In Discussions, Lifestyle, Minimalism

Are minimalists just cheap?

Yeah, maybe.

However if you have been following my budget roundups, you will find that I am not that kind of minimalist.

DIFFERENCE BETWEEN FRUGAL, CHEAP & MINIMALIST

minimalist-zen-building-work-space

Frugal: You know the value of a dollar and you choose between priorities of where to spend said dollar(s)

You spend your money but in a smart manner. If you have to wait for a deal, you will. You may also not spend (a lot) money on areas that seem frivolous like decoration for the home.

Example of Frugal Behaviour:

You love eating great food, so you buy the high-end stuff but you buy it when it goes on sale (and then stock up!!) rather than buying it whenever you feel like eating it.

You actually plan out when to buy these things, and when you do spend your money, you spend it on the best you can afford based on your priorities.

stock-photo-money-bills-cash-argue-couples-man-woman-marriage-divorce-negotiate-career-job

Cheap: You know the value of a dollar and refuse to let any of it go for any reason no matter what

You just don’t want to spend money on anything and if someone else can foot the bill, so much the better.

Example of Cheap Behaviour:

You love to drink beer and go out, but instead of choosing to do it once a month with friends, you find ways to invite yourself out and mooch off your friends’ good kind-hearted, generous natures by promising up and down that you’ll get the next round.

work-career-desktop-laptop-organized-computer


Minimalist: You know the value of a dollar but you don’t care because your main focus is to live with less stuff and really cherish said stuff.

You are unlikely to clutter up your home with “good deals” (frugal), and will try and find a way to not buy it at all (cheap).

You also probably put a premium on it not taking a lot of physical space over what it actually costs as a dollar value (e.g. owning a Kobo Glo with thousands of digital books instead of a huge sprawling library to achieve the same result).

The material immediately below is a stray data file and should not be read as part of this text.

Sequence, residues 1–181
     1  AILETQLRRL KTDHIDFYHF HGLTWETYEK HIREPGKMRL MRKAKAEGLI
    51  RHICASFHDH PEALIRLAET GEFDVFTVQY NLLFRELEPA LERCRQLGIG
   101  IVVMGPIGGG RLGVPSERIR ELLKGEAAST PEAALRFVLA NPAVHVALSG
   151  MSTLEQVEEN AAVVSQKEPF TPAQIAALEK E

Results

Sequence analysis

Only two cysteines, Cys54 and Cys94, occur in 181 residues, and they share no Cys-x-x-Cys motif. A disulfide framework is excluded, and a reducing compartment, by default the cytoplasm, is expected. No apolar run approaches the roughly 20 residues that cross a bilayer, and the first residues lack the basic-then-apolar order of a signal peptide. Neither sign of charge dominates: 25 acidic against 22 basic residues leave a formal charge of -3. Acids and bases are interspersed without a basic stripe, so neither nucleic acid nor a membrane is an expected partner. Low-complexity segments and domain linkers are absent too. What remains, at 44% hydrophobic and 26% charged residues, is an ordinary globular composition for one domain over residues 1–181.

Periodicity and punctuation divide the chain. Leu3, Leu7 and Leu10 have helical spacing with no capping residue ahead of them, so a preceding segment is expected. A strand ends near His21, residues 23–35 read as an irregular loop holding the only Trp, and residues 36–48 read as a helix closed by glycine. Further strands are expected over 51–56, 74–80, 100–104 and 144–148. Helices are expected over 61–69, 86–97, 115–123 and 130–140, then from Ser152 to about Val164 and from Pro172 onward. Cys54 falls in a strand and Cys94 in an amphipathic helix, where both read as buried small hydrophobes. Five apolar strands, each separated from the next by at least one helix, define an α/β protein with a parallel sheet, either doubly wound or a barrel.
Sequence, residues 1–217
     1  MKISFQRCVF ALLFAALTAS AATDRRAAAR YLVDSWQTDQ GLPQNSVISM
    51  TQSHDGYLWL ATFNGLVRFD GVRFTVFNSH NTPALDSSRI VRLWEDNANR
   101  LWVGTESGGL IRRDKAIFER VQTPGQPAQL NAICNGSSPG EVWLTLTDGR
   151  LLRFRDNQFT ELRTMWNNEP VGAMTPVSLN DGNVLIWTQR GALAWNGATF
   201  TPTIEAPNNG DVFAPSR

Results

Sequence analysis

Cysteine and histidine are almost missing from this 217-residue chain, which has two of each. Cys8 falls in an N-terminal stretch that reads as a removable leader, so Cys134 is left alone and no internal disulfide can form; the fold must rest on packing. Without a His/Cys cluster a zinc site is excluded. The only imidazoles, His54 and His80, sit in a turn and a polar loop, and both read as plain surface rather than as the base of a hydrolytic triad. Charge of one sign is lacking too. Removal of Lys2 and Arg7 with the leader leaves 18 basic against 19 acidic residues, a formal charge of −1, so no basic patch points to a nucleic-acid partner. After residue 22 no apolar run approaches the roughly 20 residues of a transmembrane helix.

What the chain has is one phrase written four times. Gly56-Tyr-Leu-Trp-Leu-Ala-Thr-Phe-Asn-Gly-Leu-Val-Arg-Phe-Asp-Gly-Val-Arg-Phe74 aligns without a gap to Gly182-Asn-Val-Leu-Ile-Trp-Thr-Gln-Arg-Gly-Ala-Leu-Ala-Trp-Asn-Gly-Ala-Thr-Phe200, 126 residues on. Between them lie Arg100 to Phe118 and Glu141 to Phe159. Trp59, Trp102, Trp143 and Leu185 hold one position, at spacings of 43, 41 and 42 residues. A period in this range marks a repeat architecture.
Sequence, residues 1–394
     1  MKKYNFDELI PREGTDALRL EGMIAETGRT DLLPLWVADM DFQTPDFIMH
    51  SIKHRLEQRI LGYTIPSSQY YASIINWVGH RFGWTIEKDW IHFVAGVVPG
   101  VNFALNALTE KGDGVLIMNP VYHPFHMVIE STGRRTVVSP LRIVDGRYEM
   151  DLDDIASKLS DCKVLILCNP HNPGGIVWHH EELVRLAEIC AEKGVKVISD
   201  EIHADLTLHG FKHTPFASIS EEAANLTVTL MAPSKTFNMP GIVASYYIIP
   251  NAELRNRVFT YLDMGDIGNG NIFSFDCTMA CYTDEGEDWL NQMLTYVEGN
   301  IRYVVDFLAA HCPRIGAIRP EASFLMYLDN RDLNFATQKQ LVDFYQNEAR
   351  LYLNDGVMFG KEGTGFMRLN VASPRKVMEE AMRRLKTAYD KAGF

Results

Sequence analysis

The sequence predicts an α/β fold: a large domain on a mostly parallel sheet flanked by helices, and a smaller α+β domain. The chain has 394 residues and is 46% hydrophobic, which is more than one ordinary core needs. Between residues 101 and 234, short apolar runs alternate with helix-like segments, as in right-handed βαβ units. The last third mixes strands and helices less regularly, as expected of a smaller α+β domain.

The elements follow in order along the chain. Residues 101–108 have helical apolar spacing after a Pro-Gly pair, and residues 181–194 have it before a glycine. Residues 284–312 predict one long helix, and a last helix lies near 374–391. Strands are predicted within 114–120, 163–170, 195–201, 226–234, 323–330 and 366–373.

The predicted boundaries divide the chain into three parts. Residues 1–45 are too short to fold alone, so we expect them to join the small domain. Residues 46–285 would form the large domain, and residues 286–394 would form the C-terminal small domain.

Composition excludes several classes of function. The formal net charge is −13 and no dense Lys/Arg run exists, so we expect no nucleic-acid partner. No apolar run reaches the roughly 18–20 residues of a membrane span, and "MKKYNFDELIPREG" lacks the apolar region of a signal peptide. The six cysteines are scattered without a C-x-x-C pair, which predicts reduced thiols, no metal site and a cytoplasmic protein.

I’d also daresay that you can pack up & move in a very short amount of time. For us, it’s 2 days maximum, and we’re able to be out the door.

Example of Minimalist Behaviour:

You have a huge open space.

In most non-minimalist layouts, you would probably fit a dining room table for 6, a couch, a lounge chair, 2 end tables, a coffee table, 3 lamps, and a rug.

You opt instead for just a dining room table for 6, and a lounge chair and 1 lamp.

Oh, and you may or may not buy the best quality or spend a lot of money.

The key is that you don’t have unnecessary-to-you end or coffee tables for instance, or 3 lamps when one will done.

Basically, the less STUFF you have, the better and if the desktop looks clean and minimal like the Apple setup above, it is a better deal than a PC with wires everywhere and tons of computer parts.

CAN ALL THREE BEHAVIOURS INTERSECT?

Absolutely.

I am, at any given time, all 3 behaviours.

Less on the Cheap side, but nevertheless, I am loathe to spend money on certain things (e.g. parking fees, bank fees) even though it will be more convenient for me to do so.

I am also Frugal by waiting for sales on certain things (tea, food, toilet paper) before buying and stocking up.

…and I am Minimalist because aside from clothing, I tend not to spend much money on buying things like furniture, home decor, or a roomful of toys for Baby Bun.

CAN YOU BE A MINIMALIST EVEN WITH A TON OF STUFF?

It depends.

Do you compensate in other areas, and in general live with less?

I’ll use myself as an example again — someone asked me the other day on Skype if we just moved in because my living room is completely void of stuff and furniture.

We have very little furniture (almost none!), but in sharp contrast, my wardrobe is full, wide and varied. I have 2 closets holding all my clothing, jackets, shoes and boots.

TWO. CLOSETS. FULL. OF. MY. CLOTHES.